Where Stem Cells Stand


By Dan Gordon '85, Illustrations by Jeffrey DeCoster

Published Jan 1, 2006 12:00 AM

To politicians and activists, human embryonic stem cell research is a political flashpoint, with the federal government all but banning it and states battling to pick up the slack and fund their own homegrown stem cell research centers.

To scientists, it is a moral touch point whose potential to fight cancer, Alzheimer's and a host of other terrible afflictions is tempered by profound ethical questions.

And to patients, particularly very religious ones, the hope held out by stem cell research often clashes with spiritual beliefs.

But even as the sociocultural storm swirls over stem cells, research forges ahead. California is in the vanguard. And in that effort, UCLA is both a framer of the ethical debate and a primary player in the science.

"We now have a remarkable opportunity in biomedical research to utilize new technologies to come up with ways of treating human disease that we previously couldn't fathom," explains Owen Witte, director of UCLA's newly formed Institute for Stem Cell Biology and Medicine.

California laid the foundation in November 2004, when 59% of voters approved Proposition 71, providing $3 billion in bond funding to create the California Institute for Regenerative Medicine, a new state agency designed to regulate human embryonic stem cell research and provide funding through grants and loans for stem cell science at institutions across the state. That decision put California squarely at the forefront of national stem cell research efforts, but experts in adult human stem cells and in mouse embryonic stem cells have been active in Westwood for years.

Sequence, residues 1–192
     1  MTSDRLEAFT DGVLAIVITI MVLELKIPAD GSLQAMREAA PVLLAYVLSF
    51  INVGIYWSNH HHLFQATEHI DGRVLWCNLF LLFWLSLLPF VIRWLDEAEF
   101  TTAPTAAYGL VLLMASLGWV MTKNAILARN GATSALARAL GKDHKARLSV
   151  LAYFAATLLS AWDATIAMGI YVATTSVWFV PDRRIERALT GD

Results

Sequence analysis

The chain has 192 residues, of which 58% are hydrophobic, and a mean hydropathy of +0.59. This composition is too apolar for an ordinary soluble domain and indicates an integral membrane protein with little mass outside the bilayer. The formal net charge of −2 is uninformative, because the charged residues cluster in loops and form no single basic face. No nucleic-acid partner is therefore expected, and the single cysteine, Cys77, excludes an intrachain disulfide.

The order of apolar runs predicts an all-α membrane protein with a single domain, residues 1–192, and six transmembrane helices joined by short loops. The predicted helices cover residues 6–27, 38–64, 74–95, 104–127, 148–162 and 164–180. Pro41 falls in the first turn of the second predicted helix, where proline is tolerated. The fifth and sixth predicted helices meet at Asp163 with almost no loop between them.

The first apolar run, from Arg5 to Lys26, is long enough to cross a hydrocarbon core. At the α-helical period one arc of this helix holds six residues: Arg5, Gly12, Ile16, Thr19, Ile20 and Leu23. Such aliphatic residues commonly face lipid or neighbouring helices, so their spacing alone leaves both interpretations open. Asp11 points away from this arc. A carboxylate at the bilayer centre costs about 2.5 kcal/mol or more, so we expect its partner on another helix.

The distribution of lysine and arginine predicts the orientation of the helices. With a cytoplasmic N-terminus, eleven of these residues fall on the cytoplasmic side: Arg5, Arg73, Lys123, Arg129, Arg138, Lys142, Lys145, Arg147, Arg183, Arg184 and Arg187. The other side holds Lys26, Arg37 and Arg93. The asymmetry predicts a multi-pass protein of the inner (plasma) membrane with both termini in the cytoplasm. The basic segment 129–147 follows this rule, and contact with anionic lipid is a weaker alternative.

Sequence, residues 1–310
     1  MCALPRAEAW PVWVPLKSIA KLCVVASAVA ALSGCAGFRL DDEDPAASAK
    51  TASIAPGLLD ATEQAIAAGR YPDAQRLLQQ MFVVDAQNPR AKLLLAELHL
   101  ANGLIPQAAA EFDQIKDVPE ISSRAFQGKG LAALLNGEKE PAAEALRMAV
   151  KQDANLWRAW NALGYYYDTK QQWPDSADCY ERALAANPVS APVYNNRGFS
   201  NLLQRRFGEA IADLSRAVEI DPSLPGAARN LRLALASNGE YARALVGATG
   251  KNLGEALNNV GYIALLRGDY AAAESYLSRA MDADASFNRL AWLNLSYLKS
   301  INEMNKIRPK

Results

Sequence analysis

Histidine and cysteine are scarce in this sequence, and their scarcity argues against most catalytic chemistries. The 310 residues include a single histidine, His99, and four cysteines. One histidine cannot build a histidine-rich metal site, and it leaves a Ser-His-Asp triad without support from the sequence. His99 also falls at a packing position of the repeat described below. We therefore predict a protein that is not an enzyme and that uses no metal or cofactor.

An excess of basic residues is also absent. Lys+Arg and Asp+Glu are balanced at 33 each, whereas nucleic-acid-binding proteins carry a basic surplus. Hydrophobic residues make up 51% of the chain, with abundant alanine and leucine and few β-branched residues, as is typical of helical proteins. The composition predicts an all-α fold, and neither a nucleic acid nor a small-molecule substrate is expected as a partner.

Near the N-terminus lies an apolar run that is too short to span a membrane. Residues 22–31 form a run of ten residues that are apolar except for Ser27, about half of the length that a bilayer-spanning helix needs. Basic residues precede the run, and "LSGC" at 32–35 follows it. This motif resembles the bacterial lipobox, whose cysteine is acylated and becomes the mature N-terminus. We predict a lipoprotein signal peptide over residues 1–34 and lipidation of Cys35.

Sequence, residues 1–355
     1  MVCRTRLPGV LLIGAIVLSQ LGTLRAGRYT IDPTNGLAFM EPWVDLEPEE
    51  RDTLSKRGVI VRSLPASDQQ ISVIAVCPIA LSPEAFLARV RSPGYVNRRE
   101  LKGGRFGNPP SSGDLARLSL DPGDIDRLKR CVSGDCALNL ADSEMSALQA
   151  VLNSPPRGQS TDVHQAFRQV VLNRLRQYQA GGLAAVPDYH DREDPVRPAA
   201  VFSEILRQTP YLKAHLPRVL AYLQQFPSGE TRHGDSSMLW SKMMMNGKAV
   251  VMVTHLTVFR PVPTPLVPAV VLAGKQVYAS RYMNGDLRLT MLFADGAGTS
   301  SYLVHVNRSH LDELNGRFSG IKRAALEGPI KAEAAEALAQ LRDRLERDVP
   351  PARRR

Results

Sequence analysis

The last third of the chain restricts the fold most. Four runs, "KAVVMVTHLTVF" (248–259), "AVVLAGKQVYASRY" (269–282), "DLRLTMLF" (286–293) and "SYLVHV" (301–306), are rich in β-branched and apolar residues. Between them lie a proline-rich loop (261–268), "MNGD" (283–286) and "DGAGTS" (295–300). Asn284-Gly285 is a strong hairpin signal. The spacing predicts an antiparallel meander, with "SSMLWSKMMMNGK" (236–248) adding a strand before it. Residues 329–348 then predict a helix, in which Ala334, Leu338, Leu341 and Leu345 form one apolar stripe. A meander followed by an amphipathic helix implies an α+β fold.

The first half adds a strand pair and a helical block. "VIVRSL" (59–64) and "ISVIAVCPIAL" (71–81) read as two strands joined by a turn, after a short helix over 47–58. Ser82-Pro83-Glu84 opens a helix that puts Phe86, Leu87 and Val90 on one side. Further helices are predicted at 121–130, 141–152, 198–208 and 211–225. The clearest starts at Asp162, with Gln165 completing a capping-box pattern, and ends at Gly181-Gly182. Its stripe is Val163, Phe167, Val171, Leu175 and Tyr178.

At UCLA, bone marrow-derived stem cells have been used to reconstitute cancer patients' blood systems after high levels of chemotherapy or radiation since the 1960s, in the form of bone marrow transplants. More recently, researchers at UCLA have explored the idea that transplanted stem cells derived from the fat taken in liposuction procedures can help treat patients with narrowed, blocked arteries and weakened cardiac muscle.

Last March, the university established the Institute for Stem Cell Biology and Medicine, a campuswide effort bringing together geneticists, engineers, ethicists, chemists, policy experts, pathologists, immunologists, oncologists, hematologists and scientists from other disciplines.

Chancellor Albert Carnesale said at the time that the institute "will enable us to continue fostering such interdisciplinary collaborations and to build upon the existing body of knowledge for the benefit of people worldwide." And he announced that UCLA would provide $20 million over five years to launch the campuswide institute. The money will be used to pay for recruitment of a dozen new faculty positions, salaries and expansion of highly sophisticated laboratory space, infrastructure and supplies - the "critical mass" without which the university could not effectively compete with other centers for research funding.